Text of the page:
Throughout the past 2 decades, the exquisite, real-time ocular imaging attainable with optical coherence tomography (OCT) has transformed the practice of ophthalmology. Further increases in processing speed have led to the introduction of OCT angiography (OCT-A).1 Preliminary work has shown that it is possible to use OCT-A to characterize the vasculature of the iris.1 The current standard for assessing anterior segment circulation is iris angiography, but this approach has substantial drawbacks, most notably the need to administer an intravenous contrast agent, such as fluorescein or indocyanine green. In this issue of JAMA Ophthalmology, Velez and colleagues2 explore the potentially transformative idea of using OCT-A to appraise anterior segment ischemia (ASI), a rare but potentially vision-threatening complication of complex strabismus surgery. However, will iris OCT-A enhance the safety or quality of care for patients undergoing strabismus surgery?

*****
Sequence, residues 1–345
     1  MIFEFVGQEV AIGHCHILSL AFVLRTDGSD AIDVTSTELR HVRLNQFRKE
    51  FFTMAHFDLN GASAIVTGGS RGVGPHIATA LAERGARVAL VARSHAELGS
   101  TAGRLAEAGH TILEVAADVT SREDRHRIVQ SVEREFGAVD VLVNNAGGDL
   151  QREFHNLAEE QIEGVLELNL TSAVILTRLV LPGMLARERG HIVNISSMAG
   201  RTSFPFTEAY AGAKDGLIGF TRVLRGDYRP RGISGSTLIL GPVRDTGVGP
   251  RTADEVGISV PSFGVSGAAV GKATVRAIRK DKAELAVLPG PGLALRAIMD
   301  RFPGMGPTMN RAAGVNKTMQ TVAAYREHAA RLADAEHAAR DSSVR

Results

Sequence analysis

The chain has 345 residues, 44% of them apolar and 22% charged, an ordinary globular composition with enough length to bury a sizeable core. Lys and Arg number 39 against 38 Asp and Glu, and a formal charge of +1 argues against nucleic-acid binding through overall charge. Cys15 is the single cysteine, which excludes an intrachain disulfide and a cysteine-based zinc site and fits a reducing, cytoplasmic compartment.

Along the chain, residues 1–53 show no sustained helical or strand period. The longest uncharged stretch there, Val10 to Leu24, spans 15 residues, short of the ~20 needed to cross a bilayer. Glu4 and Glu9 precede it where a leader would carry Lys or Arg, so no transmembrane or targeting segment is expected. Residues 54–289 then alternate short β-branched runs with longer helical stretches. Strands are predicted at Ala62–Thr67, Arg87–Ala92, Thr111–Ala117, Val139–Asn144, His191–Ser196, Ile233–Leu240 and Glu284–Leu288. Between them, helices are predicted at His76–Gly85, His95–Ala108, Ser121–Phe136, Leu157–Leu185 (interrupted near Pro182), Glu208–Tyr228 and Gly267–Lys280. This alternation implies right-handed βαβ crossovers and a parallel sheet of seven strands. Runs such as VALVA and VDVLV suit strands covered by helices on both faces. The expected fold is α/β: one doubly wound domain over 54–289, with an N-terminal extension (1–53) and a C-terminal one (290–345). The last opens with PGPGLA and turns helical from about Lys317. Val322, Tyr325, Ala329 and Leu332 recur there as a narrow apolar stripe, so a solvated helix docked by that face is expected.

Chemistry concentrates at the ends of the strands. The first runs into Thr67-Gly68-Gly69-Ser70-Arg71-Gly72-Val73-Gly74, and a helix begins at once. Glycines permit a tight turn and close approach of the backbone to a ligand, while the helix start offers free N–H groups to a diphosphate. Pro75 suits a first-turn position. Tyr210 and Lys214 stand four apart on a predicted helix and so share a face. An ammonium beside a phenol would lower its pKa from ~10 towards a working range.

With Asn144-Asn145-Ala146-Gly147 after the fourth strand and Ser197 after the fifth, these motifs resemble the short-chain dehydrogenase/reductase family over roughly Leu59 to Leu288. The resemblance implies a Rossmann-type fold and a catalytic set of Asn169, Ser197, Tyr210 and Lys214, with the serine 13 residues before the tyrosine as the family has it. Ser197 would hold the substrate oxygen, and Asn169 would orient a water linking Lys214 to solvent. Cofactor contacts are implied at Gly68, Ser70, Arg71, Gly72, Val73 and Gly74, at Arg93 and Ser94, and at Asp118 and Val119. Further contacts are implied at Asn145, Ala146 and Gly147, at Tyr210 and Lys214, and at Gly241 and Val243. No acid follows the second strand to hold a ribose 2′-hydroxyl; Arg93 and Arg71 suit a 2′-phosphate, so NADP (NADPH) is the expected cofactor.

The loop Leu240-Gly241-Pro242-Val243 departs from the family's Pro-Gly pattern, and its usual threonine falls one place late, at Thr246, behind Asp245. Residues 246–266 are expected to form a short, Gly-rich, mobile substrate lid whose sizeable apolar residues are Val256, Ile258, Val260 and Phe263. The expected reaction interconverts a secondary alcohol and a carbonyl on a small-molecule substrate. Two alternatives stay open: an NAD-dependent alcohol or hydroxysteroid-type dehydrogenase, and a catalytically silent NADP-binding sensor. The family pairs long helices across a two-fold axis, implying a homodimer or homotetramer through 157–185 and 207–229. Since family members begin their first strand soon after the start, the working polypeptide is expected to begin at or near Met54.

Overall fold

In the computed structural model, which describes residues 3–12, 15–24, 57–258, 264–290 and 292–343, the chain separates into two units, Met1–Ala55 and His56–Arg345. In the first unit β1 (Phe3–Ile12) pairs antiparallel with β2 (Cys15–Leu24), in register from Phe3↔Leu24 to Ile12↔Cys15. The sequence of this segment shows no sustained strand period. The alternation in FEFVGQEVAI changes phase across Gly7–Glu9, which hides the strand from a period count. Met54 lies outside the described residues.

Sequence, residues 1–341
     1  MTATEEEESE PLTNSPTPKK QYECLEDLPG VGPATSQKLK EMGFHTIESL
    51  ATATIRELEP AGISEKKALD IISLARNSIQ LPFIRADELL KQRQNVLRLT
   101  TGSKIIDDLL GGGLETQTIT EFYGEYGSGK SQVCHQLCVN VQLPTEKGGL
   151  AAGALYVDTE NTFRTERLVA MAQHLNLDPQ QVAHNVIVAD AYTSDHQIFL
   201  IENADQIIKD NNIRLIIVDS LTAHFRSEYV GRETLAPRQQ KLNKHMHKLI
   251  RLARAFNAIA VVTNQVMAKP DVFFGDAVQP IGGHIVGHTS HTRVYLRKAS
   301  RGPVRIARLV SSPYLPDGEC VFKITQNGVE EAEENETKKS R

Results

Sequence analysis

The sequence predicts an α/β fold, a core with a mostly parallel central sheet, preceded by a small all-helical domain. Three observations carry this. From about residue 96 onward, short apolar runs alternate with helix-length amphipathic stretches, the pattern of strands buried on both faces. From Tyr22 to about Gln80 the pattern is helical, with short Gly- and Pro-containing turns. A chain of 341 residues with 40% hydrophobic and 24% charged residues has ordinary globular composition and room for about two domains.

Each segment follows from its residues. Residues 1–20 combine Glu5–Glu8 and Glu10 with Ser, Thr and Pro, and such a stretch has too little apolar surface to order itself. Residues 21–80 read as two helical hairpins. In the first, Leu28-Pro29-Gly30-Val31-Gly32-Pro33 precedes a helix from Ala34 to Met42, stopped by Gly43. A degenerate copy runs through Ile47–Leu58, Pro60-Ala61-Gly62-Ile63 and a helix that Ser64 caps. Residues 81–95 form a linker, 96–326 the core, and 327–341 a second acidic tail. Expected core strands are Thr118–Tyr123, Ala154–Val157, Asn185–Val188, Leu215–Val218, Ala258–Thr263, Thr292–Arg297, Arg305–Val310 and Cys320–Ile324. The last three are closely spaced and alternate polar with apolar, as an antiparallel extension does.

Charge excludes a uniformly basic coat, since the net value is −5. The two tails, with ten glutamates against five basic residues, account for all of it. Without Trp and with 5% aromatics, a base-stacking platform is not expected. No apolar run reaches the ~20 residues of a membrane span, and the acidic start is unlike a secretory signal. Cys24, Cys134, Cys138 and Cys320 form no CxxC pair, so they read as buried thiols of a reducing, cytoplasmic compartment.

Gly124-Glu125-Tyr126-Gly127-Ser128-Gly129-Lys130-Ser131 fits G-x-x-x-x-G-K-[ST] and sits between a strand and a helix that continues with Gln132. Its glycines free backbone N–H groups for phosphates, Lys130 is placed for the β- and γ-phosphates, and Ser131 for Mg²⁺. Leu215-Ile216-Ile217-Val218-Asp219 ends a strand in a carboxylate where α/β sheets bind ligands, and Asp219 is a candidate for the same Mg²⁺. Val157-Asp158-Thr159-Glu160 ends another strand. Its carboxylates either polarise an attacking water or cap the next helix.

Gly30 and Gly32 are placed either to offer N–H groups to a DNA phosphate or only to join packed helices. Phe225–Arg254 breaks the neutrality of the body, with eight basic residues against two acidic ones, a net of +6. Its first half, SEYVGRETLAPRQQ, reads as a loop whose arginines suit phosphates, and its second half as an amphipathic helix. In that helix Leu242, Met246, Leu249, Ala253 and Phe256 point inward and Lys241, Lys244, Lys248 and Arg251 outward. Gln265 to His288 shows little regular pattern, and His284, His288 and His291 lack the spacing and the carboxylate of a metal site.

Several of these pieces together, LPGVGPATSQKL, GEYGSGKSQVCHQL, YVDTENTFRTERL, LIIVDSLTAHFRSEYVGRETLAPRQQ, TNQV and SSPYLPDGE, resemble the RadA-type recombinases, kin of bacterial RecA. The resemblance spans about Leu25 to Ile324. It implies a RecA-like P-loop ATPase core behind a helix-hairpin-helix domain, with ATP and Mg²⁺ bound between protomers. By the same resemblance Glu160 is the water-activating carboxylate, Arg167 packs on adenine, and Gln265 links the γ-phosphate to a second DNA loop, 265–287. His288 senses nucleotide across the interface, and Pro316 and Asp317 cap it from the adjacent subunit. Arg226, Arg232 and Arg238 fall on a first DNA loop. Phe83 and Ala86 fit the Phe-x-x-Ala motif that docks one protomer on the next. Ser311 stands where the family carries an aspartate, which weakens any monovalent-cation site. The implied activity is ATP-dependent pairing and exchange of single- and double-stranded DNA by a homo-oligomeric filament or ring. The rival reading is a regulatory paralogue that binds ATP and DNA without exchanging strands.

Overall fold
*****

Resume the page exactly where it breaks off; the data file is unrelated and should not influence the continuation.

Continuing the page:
Hunter DG. Improving Access—but Not Outcomes—With Iris Optical Coherence Tomography Angiography. JAMA Ophthalmol. 2018;136(9):1045–1046. doi:10.1001/jamaophthalmol.2018.2748
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